(CNN/KYTX) - Presidents and prime ministers, celebrities and royals joined tens of thousands of South Africans to pay tribute to Nelson Mandela on Tuesday, in a memorial service celebrating a man seen as a global symbol of reconciliation.
In what has been billed as one of the largest gatherings of global leaders in recent history, world leaders from U.S. President Barack Obama to Cuba's Raul Castro gathered alongside street sweepers, actors and religious figures to pay tribute to the revered statesman who died last Thursday, aged 95.
Despite the pouring rain, the atmosphere inside Johannesburg 's FNB stadium was celebratory, with people dancing, blowing vuvuzela plastic horns and singing songs from the anti-apartheid struggle.
Some had skipped work and lined up for hours to secure seats so that they could pay their respects at the stadium where Mandela delivered his first major speech after his release from 27 years in prison.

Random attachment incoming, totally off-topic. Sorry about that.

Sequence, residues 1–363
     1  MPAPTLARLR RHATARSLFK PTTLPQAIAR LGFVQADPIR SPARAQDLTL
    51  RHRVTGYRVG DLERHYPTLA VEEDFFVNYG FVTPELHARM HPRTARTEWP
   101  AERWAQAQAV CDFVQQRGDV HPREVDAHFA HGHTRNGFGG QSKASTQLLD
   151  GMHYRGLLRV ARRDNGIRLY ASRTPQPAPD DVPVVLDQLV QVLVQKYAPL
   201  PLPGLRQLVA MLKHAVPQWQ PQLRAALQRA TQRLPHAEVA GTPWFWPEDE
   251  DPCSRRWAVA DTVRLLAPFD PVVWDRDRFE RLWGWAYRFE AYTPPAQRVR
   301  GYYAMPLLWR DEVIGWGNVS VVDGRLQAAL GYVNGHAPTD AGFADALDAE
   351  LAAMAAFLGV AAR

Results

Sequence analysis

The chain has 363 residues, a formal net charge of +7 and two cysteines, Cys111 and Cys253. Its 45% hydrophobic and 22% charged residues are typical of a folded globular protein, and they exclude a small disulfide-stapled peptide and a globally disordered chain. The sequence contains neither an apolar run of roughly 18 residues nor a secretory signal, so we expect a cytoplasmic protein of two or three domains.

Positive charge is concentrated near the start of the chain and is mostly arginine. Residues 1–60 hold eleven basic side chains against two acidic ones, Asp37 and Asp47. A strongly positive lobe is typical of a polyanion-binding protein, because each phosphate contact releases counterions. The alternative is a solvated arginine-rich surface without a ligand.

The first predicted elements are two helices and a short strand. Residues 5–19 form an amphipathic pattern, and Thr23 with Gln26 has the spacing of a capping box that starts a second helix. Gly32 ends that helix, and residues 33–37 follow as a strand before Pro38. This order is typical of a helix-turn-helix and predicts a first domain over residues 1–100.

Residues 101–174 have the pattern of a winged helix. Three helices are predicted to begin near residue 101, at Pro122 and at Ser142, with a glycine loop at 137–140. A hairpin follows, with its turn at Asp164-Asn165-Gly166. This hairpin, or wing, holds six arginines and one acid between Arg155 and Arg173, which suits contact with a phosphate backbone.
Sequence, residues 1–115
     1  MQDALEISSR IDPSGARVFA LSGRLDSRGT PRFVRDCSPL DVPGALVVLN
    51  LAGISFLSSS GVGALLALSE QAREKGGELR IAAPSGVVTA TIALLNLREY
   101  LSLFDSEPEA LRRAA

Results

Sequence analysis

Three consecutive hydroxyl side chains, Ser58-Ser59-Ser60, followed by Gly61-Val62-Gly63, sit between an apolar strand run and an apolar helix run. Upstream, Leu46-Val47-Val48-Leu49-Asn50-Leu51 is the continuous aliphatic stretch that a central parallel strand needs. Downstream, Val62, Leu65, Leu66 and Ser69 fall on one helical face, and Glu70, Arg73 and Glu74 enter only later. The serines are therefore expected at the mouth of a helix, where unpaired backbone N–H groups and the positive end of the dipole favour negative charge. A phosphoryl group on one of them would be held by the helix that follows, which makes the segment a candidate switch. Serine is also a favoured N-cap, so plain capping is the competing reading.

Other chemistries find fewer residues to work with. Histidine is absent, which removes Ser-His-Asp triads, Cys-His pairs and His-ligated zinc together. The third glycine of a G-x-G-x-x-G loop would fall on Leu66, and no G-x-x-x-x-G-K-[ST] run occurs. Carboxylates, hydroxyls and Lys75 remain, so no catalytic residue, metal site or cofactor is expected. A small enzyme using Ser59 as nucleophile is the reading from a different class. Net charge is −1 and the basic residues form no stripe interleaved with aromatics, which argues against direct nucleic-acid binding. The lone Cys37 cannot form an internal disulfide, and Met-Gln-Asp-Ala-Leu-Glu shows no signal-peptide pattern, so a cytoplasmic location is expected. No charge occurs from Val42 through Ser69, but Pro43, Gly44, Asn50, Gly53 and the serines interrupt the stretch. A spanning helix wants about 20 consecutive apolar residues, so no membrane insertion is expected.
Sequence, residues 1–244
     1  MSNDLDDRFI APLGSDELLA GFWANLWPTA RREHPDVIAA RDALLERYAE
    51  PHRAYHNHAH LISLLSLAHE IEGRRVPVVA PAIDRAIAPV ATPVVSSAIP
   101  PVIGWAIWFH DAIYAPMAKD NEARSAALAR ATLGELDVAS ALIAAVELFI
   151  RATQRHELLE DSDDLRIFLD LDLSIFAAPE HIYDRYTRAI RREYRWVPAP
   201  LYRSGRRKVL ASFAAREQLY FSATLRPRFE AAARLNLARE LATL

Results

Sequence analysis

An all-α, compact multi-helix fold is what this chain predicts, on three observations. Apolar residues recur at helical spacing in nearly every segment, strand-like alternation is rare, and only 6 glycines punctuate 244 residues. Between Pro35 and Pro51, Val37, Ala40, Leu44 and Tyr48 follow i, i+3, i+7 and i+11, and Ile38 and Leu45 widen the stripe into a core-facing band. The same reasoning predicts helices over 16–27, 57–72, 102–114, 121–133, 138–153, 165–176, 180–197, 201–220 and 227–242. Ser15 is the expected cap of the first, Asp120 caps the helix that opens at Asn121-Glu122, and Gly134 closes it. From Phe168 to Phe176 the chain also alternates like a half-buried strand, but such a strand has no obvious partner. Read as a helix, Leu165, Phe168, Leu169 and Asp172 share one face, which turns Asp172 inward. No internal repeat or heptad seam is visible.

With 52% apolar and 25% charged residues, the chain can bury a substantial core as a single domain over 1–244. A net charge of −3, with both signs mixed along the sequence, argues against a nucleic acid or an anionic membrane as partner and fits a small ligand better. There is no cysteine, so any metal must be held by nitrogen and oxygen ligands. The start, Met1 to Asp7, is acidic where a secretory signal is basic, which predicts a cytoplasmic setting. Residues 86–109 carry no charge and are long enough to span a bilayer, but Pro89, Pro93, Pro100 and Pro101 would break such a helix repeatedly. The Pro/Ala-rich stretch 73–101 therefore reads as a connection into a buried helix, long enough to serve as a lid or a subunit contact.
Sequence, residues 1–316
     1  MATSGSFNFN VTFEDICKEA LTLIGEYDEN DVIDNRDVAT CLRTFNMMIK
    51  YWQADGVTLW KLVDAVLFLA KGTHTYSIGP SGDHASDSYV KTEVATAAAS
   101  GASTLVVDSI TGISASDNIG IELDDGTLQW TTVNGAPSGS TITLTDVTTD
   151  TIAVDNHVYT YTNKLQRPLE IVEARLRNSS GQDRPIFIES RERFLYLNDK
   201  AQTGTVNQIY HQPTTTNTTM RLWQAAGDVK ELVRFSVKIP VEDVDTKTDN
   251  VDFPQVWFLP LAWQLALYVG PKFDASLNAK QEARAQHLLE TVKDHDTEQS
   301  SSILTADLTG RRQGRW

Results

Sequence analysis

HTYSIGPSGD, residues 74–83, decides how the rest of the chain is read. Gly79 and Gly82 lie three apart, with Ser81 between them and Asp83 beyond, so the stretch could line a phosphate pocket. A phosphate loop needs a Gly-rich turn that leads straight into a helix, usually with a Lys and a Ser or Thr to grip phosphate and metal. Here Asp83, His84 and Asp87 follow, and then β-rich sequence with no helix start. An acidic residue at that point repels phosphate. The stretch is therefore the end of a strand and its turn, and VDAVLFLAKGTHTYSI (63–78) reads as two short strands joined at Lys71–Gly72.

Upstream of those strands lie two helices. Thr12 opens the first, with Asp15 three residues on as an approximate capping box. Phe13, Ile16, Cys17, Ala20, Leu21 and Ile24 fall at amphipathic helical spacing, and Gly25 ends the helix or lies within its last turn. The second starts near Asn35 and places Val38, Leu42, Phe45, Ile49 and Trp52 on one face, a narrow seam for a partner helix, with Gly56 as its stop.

The four-hour service, coinciding with U.N. Human Rights Day, is the centerpiece of a week of mourning and was expected to bring much of South Africa to a stop.
It began with the national anthem before South Africa's presidents -- past and present -- were introduced. There was a loud cheer from the crowd for F.W. de Klerk, the last leader of white South Africa, who shared a Nobel Peace Prize with Mandela for helping to end apartheid.
The joyous cries died down as speeches from Mandela's family and friends, as well as a fellow Robben Island prison inmate, began. Anguished faces listened quietly as a sorrowful chant to "Tata Madiba" filled the air. "Tata" means "father" in Mandela's Xhosa tribe.